Blanton, whose record is 2-13, would bring ignominy to a fraternity that has actually received a bum rap through the years.
It used to be you had to be pretty good, even great, to be allowed to lose 20 games.
A pitcher they later named an award after, Cy Young, lost 20 games or more three times. Steve Carlton lost 20, and so did Mickey Lolich, Luis Tiant, Jerry Koosman, Randy Jones, Denny McLain, Mel Stottlemyre and some stiff named Walter Johnson.
How could Blanton get by the bouncers in this club?
Phil Niekro and Wilbur Wood each lost 20 games in a season — twice.
Brickyard Kennedy, who died in 1915, would roll over in his grave knowing Blanton was entering this exclusive domain. Kennedy pitched his formative years for the Brooklyn Grooms and lost 20 or more games five times in his 12-year career.
Yet, Kennedy hung up his spikes with Pittsburgh in 1903 with a career record of 187-159 and an earned-run average of 3.96. That would make him the No. 1 starter in many of today's rotations.
Blanton should be removed from the Angels' rotation if only out of respect for the 20-something club. Blanton is not even worthy to serve as this academy's master-at-arms.
Losing 20 games used to be fairly easy before agents and the players' union turned pitchers into delicate pieces of peanut brittle available for work every fifth or sixth day.
The money is too big now to risk frontline starters earning enough decisions to have a record like Lolich's for Detroit in 1974, when he went 16-21.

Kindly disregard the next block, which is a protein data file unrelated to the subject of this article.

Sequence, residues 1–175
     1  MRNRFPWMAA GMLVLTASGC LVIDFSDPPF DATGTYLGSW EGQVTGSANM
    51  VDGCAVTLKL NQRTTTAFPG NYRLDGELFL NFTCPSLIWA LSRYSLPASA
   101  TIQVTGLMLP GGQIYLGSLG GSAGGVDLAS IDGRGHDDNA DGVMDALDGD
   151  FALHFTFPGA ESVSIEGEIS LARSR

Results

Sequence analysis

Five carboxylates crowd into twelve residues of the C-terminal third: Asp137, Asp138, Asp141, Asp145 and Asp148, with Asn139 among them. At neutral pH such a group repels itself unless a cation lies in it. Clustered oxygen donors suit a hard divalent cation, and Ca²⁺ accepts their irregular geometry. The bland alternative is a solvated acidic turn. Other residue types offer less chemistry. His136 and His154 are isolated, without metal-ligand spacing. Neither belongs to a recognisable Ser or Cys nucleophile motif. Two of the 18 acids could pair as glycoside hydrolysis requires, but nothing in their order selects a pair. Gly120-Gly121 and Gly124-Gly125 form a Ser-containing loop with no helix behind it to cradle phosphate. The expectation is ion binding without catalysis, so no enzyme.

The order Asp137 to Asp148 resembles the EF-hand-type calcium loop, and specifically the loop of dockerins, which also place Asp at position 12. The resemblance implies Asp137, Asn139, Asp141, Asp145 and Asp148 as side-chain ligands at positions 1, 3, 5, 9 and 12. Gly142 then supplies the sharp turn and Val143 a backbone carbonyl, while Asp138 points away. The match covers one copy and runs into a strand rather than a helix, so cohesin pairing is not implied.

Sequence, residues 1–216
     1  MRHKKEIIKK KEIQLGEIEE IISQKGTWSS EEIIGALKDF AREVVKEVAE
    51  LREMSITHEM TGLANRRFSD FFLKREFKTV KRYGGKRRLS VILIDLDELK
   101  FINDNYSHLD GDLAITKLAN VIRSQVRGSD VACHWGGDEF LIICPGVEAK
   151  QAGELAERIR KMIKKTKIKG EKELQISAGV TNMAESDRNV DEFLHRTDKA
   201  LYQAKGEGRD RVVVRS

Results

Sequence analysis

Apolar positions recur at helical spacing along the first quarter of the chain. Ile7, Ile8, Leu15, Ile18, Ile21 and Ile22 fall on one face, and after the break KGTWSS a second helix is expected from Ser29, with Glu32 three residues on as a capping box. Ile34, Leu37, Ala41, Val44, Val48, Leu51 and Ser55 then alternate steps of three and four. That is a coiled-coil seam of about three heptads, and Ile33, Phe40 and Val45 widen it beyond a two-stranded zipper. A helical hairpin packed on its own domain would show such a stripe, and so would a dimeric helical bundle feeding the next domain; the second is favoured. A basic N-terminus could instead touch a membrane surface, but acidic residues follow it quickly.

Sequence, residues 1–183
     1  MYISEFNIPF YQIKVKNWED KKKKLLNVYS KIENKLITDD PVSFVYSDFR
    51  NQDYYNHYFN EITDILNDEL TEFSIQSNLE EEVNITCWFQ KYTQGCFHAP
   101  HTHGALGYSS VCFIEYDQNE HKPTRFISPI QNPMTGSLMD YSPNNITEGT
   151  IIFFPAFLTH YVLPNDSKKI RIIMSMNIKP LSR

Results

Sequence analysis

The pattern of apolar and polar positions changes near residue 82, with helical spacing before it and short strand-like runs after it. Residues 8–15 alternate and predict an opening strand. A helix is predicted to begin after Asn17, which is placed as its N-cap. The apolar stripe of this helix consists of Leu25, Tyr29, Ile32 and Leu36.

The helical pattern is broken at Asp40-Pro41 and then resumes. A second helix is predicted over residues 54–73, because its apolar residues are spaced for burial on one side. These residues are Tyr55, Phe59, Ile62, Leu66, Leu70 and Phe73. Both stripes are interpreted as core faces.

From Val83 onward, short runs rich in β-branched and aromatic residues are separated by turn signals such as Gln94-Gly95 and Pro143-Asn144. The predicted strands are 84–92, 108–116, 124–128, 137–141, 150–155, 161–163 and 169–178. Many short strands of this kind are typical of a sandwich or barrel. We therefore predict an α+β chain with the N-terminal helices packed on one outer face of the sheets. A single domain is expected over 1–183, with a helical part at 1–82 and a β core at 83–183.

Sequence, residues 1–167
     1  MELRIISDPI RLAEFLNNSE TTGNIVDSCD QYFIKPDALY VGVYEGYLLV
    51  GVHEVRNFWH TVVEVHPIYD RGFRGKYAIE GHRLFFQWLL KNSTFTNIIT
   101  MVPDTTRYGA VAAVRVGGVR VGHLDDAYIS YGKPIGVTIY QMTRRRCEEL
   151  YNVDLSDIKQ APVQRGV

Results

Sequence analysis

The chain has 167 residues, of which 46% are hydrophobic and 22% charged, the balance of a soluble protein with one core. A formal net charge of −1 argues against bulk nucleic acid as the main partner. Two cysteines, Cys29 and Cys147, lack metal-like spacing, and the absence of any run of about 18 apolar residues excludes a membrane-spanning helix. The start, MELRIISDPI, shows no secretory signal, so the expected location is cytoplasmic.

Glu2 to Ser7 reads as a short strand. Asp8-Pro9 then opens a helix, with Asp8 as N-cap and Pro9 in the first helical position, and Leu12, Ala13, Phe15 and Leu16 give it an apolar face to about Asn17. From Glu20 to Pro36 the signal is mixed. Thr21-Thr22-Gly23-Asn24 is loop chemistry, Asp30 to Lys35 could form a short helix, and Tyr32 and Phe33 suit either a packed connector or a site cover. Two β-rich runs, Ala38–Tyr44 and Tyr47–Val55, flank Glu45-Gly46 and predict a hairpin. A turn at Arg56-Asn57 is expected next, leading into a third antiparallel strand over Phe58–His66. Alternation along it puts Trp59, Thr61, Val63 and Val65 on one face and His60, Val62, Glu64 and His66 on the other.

There are fewer 20-game winners now but fewer still 20-game losers.
Four hundred and ninety seven pitchers lost 20 games or more between 1872 and 1979, according to BaseballReference.com. The first two were Candy Cummings of the New York Mutuals and Jim Britt of the Brooklyn Atlantics.
Britt followed his 28-loss campaign of 1872 by going 17-36 the following year. Atlantics Manager Bob Ferguson — a distant relative of Angels Manager Mike Scioscia? — kept saying Britt was one quality start from turning the corner.
The number of 20-game losers since 1980: Two.
Brian Kingman infamously went 8-20 for Oakland in 1980 but also finished with 10 complete games and a respectable ERA of 3.83. Detroit's Mike Maroth was the last 20-game loser, finishing 9-21 a decade ago.
Think about that: Blanton would have to go 7-8 down the stretch to match that mark ... and the Angels would be so thrilled they might extend his contract two more years!
Twenty-game losers used to be warriors. Denton True "Cy" Young lost 22 games in 1891 but won 27 with an ERA of 2.85. Young also led the American League with 21 defeats in 1906, when he had an ERA of 3.19.
Rest assured no one is going to name an award for what Joe Blanton is doing. He's so affiliated with "homer" this year his nickname should be "Ulysses."
In fact, James Ulysses Hughey, who set the bar low when he went 4-30 for the Cleveland Spiders in 1899, had a better ERA than Blanton — 5.41 to Joe's present 5.66. And we're pretty sure he never said he "threw the ball fine today" after a game in which he gave up nine hits in 32/3 innings.
Chances are the Angels won't allow Blanton to lose 20, and that's a good thing. In fact, Scioscia on Tuesday refused to say whether Blanton would make his next scheduled start.
The 20-loss club should be reserved for Hall of Famers like Robin Roberts, great enough to go 10-22 in 1957.
Letting Blanton in would be unfair to the likes of "Happy" Jack Chesbro (14-20 in 1908) and "Sad" Sam Jones (20 defeats in 1919 and 1925).
The Angels need to get smart and pull Blanton from the rotation, if only to protect and preserve the dignity of Dummy Taylor's 18-27 year of 1901.